There were captive animals, but also their wild counterparts, and McKay recorded, photographed, watched and observed all she could for the atmospheric details so carefully woven into The animals of this country.

She also observed humans, such as how rangers grabbed their portable radios by the back of their belts like a cop would with a gun.

It was a special experience, even though she often waited to go to the bathroom.

“I was going to see a python in the reptile section and then I would come back to the trailer and there was this 3.5 meter olive python lying in front of my entry into the bathroom, and I couldn’t get in there. because she was there. She was taking the sun.

“Every day at the same time, she would go out and lay down in the sun, and she lived on top of the laundry, so when you went to do your laundry you would look up and see that face looking at you. It was just amazing.

McKay’s humility and quickness in congratulating others, like his “great editor” or the “wonderful in-laws” who sent him a congratulatory bouquet of flowers, comes after years of hard work.

Its success does not come from nowhere. Collection of stories Cambodia vacations – exploring the role of expatriates in the Asian country, where McKay has spent years traveling for humanitarian work and in residency to help writers – has been well received and his stories are widely published.

McKay views writing a novel as a three-step process. First, turn the 70,000 words into something that looks like a story. The next difficult step is to rewrite and reverse the work.

“This stage is really difficult and heartbreaking, and it can last for months to years. This is a really nasty step because your novel looks bad. You tear pieces of it out, you put pieces in it, and you think it’s never going to end. “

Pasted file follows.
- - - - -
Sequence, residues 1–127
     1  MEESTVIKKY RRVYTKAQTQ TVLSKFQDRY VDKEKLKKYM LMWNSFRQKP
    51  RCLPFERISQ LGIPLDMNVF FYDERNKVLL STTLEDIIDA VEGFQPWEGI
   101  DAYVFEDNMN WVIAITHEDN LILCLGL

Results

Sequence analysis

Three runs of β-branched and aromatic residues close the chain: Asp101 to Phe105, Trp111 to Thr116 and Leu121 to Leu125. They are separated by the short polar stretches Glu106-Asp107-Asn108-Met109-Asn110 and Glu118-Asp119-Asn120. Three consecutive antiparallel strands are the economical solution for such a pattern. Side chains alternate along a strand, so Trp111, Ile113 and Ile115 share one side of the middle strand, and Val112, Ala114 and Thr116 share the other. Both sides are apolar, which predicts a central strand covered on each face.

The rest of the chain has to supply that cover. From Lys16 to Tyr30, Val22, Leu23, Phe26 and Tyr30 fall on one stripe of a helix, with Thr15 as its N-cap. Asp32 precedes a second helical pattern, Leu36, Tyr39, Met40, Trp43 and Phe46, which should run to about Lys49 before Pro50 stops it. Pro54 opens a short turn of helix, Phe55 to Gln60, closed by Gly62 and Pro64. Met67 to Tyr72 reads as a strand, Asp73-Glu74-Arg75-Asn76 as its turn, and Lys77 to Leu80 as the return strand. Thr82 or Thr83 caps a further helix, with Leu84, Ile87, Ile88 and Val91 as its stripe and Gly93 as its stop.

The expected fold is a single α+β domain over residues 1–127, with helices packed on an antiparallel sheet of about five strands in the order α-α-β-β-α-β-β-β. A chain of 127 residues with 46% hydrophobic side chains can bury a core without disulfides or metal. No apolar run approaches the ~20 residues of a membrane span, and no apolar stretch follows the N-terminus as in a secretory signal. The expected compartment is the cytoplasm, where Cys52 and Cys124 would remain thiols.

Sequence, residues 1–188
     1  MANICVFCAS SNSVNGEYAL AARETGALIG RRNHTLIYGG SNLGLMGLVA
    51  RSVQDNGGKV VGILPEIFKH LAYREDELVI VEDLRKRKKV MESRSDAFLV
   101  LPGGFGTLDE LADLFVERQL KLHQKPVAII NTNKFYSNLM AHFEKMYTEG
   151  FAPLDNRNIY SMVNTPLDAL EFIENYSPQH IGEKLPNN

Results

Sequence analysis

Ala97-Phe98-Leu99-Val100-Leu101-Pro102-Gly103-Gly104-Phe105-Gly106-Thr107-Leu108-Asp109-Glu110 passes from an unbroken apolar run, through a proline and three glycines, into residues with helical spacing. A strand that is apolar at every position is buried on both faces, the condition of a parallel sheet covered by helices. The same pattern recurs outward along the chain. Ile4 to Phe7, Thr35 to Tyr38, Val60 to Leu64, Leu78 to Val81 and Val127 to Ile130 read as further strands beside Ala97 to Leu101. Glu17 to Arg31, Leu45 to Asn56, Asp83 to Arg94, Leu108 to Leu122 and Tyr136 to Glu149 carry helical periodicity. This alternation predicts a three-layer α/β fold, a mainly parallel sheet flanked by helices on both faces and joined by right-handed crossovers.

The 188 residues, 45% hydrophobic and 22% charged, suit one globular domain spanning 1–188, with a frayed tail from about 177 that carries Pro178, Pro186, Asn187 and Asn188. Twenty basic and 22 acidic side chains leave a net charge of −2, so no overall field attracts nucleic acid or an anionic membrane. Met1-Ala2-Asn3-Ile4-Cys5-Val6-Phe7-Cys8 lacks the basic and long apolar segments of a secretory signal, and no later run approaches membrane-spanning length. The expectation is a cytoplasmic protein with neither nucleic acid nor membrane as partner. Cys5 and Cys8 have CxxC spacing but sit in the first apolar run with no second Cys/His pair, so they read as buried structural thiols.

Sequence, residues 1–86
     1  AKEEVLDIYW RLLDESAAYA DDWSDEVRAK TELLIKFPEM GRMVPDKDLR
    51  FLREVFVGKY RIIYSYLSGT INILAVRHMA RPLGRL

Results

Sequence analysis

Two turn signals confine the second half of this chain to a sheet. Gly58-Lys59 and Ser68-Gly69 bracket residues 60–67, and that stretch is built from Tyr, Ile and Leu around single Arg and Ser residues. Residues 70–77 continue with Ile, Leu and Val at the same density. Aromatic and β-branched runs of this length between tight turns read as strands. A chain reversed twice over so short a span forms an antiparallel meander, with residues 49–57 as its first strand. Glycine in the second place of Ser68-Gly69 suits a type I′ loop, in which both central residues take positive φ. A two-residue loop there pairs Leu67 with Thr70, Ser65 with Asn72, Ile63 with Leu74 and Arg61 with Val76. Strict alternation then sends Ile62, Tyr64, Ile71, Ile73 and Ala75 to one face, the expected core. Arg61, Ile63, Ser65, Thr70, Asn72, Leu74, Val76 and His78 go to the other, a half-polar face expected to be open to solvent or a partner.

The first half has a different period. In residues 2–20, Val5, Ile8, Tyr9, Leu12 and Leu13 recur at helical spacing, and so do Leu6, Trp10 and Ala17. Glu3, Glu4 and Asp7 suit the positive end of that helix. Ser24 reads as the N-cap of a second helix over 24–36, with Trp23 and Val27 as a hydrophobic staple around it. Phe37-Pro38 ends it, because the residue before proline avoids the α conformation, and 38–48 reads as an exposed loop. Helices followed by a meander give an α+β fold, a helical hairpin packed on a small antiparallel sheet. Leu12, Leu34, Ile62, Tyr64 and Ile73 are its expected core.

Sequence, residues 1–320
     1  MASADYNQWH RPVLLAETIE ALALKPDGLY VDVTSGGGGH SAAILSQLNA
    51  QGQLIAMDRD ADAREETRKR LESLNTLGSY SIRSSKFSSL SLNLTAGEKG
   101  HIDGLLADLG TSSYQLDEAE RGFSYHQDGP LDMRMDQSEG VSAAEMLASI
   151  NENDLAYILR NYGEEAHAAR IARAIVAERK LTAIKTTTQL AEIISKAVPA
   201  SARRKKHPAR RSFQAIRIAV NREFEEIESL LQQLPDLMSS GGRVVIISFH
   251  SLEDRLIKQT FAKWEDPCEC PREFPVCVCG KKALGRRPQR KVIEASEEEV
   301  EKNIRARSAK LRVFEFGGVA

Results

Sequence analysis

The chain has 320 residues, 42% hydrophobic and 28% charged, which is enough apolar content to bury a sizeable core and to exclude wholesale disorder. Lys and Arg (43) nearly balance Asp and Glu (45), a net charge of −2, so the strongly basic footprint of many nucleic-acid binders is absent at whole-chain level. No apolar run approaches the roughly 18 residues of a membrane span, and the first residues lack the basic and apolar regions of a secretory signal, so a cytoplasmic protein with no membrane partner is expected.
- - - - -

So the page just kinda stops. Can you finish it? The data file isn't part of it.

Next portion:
McKay has his novel.  In September, she won the Arthur C Clarke Award for Science Fiction Writing.

Provided

McKay has his novel. In September, she won the Arthur C Clarke Award for Science Fiction Writing.

Finally, there’s the refinement, getting the job done in the kind of form an editor can work with.

“This third draft is quite pleasant. At this point you’re like, I have this thing. Not only is it 70,000 words, but it also makes sense and has characters and a story.

She has had enlightening adventures along the way. A trip to America included attending a chimpanzee rights court case and meeting Michael Jackson’s chimpanzee Bubbles at a retreat for retired animal showbiz stars.

It also includes a severe attack of chikungunya fever due to a mosquito bite in Bali. The effects lasted for a few years and were so severe that McKay remembers it being too painful to get out of his couch for a drink of water.

So far, it’s hard for McKay to say how his success sinks.

Since the 2020 lockdown, promotional tours have been held and awards have been held online, including the Arthur C Clarke.

Broadcast on the BBC, of ​​which McKay is proud, the ceremony began around 7.15am NZT. She got up at 6, got dressed, won the award and later that morning came back to real life.

“The zoom ends and I am alone in a room. I will go out and my partner will be able to make noise again. We do the dishes and watch television.

“I don’t really have a clue how it made a difference, how it might have affected the way people might read my work or how many people read it. “

McKay is working on another plot, but it’s still in its infancy.

Level 2 alert restrictions keep her at home and there is plenty of inspiration to be found as she strolls to her desk, on the floral patterned rug and in front of a bookcase filled with classic tomes and records. of music, including Bowie and The Beatles.

She has lived in Palmerston North for a few years, moving with Doig, her partner of 10 years and friend of 20 years.

“It’s been tough with the pandemic because when I moved to Palmerston North I was like, ‘Great, this is a place I can get on a plane and I can be home in seven hours if anything. something is wrong or if I just want to go back to my family ”.

“I had planned Australian tours for the book. I was going to do a lot of back and forth … but then the pandemic hit and I was only able to go home once. “

Palmerston North is similar to where she spent time as a child, Sale in Victoria.

The former McKay and Doig State House in the 1940s at Savage Cres is part of a project to strengthen the community. And, says McKay, decades later, it still works, as neighbors and passers-by regularly stop to talk.

They may not know it, but they are talking to a master of his craft.


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Tags : sci fi
Margarita W. Wilson

The author Margarita W. Wilson